Belbroughton Home for Girls, near Stourbridge, Worcestershire

The Belbroughton Home for Girls was established by the Waifs and Strays Society in 1889 at Church Hill, Belbroughton, near Stourbridge. It was set up in the wake of the successful launch of the boys' home at Hanley Castle in the previous year. The Belbroughton home was officially opened on October 31st, 1889, by Viscountess Cobham.

Belbroughton Home for Girls, Stourbridge, 1900. © Peter Higginbotham

The home's limited space provided accommodation for 14 girls aged from 4 to 14. Its capacity was increased to 24 when the neighbouring property was leased in 1891.

From 1903, the home was known as the All Saints' Home for Girls.

By 1909, the home was in need of considerable repairs and funds were raised for these to be undertaken. However, it was decided to instead put the money towards the building of a new home which was opened at Clent. The Belbroughton home closed in 1910 and the residents moved to Clent.

The property is now a private residence.

Former Belbroughton Home for Girls.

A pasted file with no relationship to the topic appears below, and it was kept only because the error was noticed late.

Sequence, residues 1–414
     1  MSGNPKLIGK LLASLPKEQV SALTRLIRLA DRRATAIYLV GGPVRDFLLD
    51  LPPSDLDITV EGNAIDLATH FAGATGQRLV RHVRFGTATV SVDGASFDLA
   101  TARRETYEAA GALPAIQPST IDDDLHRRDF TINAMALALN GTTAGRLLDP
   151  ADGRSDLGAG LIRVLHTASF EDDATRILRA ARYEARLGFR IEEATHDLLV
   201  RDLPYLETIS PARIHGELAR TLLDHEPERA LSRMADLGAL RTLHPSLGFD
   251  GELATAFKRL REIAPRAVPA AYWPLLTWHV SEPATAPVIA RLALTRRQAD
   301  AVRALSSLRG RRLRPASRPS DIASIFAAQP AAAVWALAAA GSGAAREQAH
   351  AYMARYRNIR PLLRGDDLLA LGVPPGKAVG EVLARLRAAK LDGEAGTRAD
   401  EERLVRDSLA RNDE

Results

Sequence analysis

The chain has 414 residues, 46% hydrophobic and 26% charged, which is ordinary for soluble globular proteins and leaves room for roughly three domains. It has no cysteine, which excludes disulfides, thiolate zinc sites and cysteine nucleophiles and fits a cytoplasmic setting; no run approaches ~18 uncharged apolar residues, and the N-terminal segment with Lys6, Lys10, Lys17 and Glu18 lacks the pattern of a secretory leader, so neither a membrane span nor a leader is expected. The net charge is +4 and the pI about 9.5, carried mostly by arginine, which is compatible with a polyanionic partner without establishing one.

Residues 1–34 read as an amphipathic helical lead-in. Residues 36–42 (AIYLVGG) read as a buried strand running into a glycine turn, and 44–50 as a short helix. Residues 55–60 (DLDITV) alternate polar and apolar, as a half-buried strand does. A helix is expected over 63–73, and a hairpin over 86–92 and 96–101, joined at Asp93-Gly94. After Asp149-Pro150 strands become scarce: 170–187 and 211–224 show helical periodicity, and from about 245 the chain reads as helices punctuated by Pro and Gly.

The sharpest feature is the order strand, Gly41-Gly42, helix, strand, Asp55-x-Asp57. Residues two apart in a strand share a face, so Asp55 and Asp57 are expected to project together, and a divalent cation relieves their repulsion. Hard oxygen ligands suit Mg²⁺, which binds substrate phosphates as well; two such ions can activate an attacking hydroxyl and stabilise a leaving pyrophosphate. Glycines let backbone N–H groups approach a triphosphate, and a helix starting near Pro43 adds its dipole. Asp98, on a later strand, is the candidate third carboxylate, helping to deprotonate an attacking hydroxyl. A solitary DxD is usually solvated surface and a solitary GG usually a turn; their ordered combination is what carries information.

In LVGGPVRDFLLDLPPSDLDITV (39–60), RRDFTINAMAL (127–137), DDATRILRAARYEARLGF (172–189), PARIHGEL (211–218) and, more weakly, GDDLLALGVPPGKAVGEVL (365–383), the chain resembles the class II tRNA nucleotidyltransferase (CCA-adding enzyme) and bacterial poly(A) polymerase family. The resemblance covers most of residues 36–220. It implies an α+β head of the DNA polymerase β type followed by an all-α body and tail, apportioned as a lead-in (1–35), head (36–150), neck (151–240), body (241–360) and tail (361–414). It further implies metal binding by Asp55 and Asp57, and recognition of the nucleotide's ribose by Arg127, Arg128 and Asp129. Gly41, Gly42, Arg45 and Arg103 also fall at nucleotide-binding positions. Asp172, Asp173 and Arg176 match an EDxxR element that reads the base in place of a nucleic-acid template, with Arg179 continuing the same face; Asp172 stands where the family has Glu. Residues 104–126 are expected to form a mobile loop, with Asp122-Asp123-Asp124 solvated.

Note: many repositories impose a closure period of up to 100 years for records identifying individuals. Before travelling a long distance, always check that the records you want to consult will be available.


  • Bowder, Bill Children First: a photo-history of England's children in need (1980, Mowbray)
  • Church of England Waifs and Strays' Society [Rudolfe, Edward de Montjoie] The First Forty Years: a chronicle of the Church of England Waifs and Strays' Society 1881-1920 (1922, Church of England Waifs and Strays' Society / S.P.C.K.)
  • Rudolf, Mildred de Montjoie Everybody's Children: the story of the Church of England Children's Society 1921-1948 (1950, OUP)
  • Stroud, John Thirteen Penny Stamps: the story of the Church of England Children's Society (Waifs and Strays) from 1881 to the 1970s (1971, Hodder and Stoughton)
  • Morris, Lester The Violets Are Mine: Tales of an Unwanted Orphan (2011, Xlibris Corporation) — memoir of a boy growing up in several of the Society's homes (Princes Risborough, Ashdon, Hunstanton, Leicester) in the 1940s and 50s.